De huidige inflatieverwachtingen in de VS lopen wellicht vooruit op het herstel van de reële economie, zo stelt Fidelity International bij zijn Grafiek van de Week. Fidelity verwijst daarvoor naar factoren als de M2 geldsnelheid, maar ook naar de koopkracht en de spaardrang van de Amerikaanse consument, de olieprijs en de vraag in de reissector.
Hieronder vindt u het volledige bericht:
Chart Room: Is disinflation lurking around the corner?
In a bullish signal, the bond market’s short-term expectations for US inflation are back near pre-crisis levels, while CPI is tracing a similar V-shaped recovery. But are investors being overly optimistic?
Our latest Chart Room shows that even as the Federal Reserve unleashed record amounts of stimulus, that is so far struggling to translate into demand in the real economy. The rate at which money was exchanged for goods and services (as measured by M2 money velocity) collapsed in the second quarter. In other words, demand in the real economy remains weak, perhaps too weak to push prices sustainably higher – despite the surge in new money supply.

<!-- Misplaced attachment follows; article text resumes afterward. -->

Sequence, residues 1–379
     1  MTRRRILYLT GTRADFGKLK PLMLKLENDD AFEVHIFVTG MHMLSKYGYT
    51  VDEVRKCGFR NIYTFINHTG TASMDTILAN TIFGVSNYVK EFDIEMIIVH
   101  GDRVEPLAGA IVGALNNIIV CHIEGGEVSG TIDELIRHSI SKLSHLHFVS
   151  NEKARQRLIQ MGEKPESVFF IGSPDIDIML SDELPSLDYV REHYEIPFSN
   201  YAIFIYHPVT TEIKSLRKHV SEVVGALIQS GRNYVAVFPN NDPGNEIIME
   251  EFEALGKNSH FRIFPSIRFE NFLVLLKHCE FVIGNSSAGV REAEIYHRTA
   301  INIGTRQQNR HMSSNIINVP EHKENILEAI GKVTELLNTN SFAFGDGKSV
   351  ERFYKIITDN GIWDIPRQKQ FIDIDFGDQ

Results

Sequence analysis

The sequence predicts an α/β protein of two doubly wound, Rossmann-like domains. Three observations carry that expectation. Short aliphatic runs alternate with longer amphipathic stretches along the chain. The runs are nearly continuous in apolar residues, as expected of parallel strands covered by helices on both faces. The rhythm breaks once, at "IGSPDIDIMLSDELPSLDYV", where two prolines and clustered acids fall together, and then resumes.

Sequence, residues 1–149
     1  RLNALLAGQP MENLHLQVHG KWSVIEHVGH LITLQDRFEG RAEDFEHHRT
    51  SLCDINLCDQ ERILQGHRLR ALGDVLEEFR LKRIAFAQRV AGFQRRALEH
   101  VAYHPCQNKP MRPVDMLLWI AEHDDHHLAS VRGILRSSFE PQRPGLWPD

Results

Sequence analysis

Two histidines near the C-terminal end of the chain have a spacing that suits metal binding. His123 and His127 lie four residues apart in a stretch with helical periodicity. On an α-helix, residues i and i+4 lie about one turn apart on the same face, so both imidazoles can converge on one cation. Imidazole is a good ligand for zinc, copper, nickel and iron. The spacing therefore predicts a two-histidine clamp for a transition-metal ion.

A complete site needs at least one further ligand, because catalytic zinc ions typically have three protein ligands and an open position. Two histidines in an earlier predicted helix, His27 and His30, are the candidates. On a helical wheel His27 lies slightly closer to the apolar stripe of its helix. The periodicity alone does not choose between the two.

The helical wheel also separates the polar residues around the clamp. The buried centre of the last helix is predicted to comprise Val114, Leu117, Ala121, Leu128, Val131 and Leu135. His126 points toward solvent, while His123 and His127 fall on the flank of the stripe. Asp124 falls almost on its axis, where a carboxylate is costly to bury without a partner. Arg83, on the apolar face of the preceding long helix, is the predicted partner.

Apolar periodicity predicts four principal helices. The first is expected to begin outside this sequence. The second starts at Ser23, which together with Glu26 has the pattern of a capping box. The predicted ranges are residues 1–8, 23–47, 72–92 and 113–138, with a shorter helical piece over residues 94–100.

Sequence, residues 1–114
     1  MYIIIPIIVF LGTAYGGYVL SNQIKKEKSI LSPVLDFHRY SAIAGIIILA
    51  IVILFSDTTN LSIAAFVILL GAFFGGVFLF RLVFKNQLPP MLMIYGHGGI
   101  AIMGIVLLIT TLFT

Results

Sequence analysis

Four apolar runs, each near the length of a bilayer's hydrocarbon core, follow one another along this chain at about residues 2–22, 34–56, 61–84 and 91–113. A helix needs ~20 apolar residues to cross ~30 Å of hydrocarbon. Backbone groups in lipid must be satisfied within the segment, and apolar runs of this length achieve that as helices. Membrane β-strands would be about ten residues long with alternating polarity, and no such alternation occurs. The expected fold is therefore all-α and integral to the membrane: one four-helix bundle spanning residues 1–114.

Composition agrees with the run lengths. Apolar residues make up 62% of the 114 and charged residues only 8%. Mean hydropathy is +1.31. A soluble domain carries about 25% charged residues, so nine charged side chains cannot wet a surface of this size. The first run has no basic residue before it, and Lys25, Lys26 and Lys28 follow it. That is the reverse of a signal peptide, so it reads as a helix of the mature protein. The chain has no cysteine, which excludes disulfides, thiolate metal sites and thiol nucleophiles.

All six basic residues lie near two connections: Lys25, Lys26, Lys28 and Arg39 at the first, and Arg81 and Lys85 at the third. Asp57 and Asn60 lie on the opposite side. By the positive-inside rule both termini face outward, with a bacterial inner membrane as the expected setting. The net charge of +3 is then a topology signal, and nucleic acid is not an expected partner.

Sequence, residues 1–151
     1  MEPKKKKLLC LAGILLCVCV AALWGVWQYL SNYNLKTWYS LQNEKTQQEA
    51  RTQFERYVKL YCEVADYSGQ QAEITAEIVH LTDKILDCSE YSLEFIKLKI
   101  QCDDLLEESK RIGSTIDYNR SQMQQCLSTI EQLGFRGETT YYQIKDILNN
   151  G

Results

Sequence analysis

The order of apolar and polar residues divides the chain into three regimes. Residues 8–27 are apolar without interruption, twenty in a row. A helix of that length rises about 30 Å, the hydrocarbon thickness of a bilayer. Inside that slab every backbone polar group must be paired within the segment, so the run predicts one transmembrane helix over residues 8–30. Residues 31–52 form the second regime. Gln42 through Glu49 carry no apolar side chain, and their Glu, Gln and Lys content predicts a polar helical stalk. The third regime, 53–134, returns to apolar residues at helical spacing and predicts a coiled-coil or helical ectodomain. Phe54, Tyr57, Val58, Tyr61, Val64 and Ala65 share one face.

Surveys on US income expectations have collapsed to nine-year lows, raising concerns over purchasing power. People are also deleveraging – US consumer credit card debt has contracted in five of the past six months, while credit card balances have fallen at an unprecedented annualised rate of 20 per cent. At the same time, personal savings rates remain elevated at 2.5 times that of pre-Covid levels.
While oil prices have somewhat stabilised, they are still off their pre-Covid levels, and demand for travel remains stagnant. Inflation breakevens with 2-year tenors (which track the bond market’s expectations for inflation in that period) are usually closely tied with oil prices, but have risen even further in recent months. In our view, all these factors suggest that inflation expectations may have run ahead of the recovery in the real economy.
So how should investors position for this? We believe the sharp rebound in inflation is a sign of potentially excessive investor optimism spurred by ultra-low real yields. As a result, we’re wary of volatility in assets which had benefited from these low yields, which we’re seeing to some extent with the recent sell-off in risk assets. This applies to gold prices as well, which appear somewhat precarious considering how their correlation to equities has increased.
To be sure, inflation isn’t dead, and the situation continues to evolve. Greater amounts of fiscal stimulus could change our outlook, and this is a real possibility if the US recovery falters further amid looming elections. But for now, we see the balance tipping toward disinflation.